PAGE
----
Image 2: The tree in which the juvenile monkey was trapped. The individual was later found dead at the spot where the monkeys can be seen congregating (Photo: Rashmi Singh)
The ‘monkeys’ that have been the focus of this blog article are the Rhesus Macaques (Macaca mulatta). While we may be anthropomorphizing the whole episode, it is nevertheless a fact that macaques, much like human beings, are a social species. Behavioural studies on macaques in Indian cities have shown that individuals of a troop are cognizant of social relations maintained by themselves and their troop members (Barua & Sinha, 2019). A troop of monkeys is not just a group of individuals randomly moving around. These monkey groups are composed of extremely complex bonds that determine inter-group aspects such as group composition, social hierarchy, access to resources (food and shelter) and mating rights; and intra-group aspects such as territoriality.
The monkeys at AUDKG are seen as “troublemakers” by students and staff. While we often interact with them on campus, these interactions are mostly negative. As a result, it is possible that some people, including ourselves, have developed a sense of fear, anger or hostility towards these simians. However, the incident described in the preceding section of the blog gave us a unique perspective of the animal. Watching the monkey troop fiercely protect their trapped family member, caress and comfort it when it was free, and later investigate its dead body were all moments in which we humans suddenly felt like we could relate to these animals. It made us realize that monkey business is perhaps not only about scavenging, stealing or terrorizing human beings, but is also about dealing with aspects such as care, concern, sympathy and loss.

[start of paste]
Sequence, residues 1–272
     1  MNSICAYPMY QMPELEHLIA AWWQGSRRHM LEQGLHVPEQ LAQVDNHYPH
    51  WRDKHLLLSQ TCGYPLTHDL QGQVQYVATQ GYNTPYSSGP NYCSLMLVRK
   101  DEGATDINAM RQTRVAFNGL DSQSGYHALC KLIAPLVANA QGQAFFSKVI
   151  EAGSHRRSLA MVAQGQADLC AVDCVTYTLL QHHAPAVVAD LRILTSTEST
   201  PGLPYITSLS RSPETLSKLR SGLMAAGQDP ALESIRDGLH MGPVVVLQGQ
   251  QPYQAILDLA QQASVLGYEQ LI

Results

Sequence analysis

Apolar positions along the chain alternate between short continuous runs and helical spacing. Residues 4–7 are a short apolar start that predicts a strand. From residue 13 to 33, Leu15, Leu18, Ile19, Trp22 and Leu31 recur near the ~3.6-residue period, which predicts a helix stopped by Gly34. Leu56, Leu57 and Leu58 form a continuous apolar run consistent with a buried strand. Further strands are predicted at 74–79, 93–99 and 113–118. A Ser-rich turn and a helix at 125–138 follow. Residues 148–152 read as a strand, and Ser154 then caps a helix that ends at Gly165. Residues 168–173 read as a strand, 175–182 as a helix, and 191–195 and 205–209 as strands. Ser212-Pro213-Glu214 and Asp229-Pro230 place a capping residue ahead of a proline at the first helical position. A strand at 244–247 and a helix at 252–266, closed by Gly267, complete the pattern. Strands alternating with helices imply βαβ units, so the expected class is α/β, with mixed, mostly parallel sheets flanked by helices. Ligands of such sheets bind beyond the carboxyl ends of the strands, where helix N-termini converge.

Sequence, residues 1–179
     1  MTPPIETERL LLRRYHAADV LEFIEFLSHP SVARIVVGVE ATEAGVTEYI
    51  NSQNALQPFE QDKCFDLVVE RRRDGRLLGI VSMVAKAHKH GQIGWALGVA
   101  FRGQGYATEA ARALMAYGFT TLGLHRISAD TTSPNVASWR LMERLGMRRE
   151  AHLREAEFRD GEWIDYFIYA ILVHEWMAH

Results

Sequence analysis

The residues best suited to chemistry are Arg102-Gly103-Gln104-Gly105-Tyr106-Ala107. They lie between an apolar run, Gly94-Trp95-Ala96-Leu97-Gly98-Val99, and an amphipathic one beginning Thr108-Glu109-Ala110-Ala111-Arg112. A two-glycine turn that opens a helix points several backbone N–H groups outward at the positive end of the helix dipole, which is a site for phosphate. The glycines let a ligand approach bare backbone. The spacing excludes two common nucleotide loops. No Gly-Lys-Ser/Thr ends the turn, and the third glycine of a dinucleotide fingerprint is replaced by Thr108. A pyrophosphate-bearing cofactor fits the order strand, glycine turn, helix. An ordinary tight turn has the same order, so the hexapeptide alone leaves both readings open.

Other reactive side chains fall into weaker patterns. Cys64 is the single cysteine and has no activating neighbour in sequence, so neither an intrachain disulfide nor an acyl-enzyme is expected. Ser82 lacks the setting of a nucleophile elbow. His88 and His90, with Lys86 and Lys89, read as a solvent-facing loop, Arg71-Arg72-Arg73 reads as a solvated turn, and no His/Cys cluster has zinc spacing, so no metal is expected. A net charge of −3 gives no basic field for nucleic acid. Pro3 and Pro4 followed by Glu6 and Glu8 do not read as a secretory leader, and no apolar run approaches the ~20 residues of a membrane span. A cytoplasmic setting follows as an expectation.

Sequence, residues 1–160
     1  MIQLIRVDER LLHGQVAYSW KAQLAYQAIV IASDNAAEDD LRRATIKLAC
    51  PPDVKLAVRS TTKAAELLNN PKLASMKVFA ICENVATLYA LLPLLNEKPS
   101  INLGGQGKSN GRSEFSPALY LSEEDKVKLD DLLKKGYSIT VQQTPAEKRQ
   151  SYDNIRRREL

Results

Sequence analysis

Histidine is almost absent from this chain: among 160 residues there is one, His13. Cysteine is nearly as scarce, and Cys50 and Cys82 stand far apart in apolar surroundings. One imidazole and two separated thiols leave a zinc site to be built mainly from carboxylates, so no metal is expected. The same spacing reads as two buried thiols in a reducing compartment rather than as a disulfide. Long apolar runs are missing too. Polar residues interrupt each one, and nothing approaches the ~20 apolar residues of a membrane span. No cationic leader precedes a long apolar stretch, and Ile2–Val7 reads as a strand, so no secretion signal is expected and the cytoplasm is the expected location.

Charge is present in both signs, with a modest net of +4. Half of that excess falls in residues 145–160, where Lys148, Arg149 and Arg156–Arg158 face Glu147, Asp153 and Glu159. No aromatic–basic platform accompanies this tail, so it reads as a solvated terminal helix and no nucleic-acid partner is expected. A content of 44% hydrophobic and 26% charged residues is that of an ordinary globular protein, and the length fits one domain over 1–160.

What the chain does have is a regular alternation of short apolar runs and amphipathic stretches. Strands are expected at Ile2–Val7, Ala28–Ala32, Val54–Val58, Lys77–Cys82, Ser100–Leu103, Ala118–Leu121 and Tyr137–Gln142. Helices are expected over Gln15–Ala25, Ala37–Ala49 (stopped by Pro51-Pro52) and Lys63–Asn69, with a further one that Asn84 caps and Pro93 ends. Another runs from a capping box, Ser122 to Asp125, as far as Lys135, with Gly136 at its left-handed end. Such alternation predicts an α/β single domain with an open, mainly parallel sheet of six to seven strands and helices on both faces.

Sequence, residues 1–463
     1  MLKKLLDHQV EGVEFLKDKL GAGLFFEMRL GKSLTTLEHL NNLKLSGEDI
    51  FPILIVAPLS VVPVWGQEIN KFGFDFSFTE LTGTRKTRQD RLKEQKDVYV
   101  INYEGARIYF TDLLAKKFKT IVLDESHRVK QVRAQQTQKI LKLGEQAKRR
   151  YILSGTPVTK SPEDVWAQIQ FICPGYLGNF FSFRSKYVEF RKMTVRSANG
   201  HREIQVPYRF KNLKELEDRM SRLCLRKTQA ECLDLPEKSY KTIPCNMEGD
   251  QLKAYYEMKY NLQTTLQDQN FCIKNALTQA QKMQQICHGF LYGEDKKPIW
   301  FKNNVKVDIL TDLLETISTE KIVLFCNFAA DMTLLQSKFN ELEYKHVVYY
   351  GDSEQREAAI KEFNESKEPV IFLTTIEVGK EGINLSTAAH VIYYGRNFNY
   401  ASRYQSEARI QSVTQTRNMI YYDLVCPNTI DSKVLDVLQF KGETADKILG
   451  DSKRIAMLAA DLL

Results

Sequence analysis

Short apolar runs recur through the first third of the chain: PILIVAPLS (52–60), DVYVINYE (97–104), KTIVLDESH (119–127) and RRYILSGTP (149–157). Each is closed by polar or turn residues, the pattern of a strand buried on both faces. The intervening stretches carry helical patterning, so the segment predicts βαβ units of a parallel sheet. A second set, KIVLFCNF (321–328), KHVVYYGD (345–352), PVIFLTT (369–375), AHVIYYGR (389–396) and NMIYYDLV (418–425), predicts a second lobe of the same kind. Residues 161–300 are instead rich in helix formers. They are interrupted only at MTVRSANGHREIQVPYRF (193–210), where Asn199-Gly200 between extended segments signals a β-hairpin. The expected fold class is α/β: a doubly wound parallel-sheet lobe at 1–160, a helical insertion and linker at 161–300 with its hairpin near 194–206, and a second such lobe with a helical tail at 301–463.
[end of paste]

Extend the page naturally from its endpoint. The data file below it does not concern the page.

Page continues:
An ongoing study by one of the Master’s students at the School of Human Ecology, AUD, supervised by Dr. Babu is revealing some very fascinating insights into the behaviour and life history of the macaques that have made AUDKG their home. While we may briefly engage with some of these aspects in a subsequent blog article, it is perhaps time to come to terms with the fact that the University campus, much like the city, is a shared space consisting of human and non-human elements such as dogs, cats, monkeys, squirrels, mongooses, bats, birds, and several other critters all of which are entangled in a complex web of interactions that influence each other.
* Rashmi Singh is a Doctoral Candidate at the School of Human Ecology. She has been studying the pastoral communities of the Indian Himalayas for her Master’s and PhD research and is interested in understanding issues at the interface of human-nature entanglements using ethnographic approaches.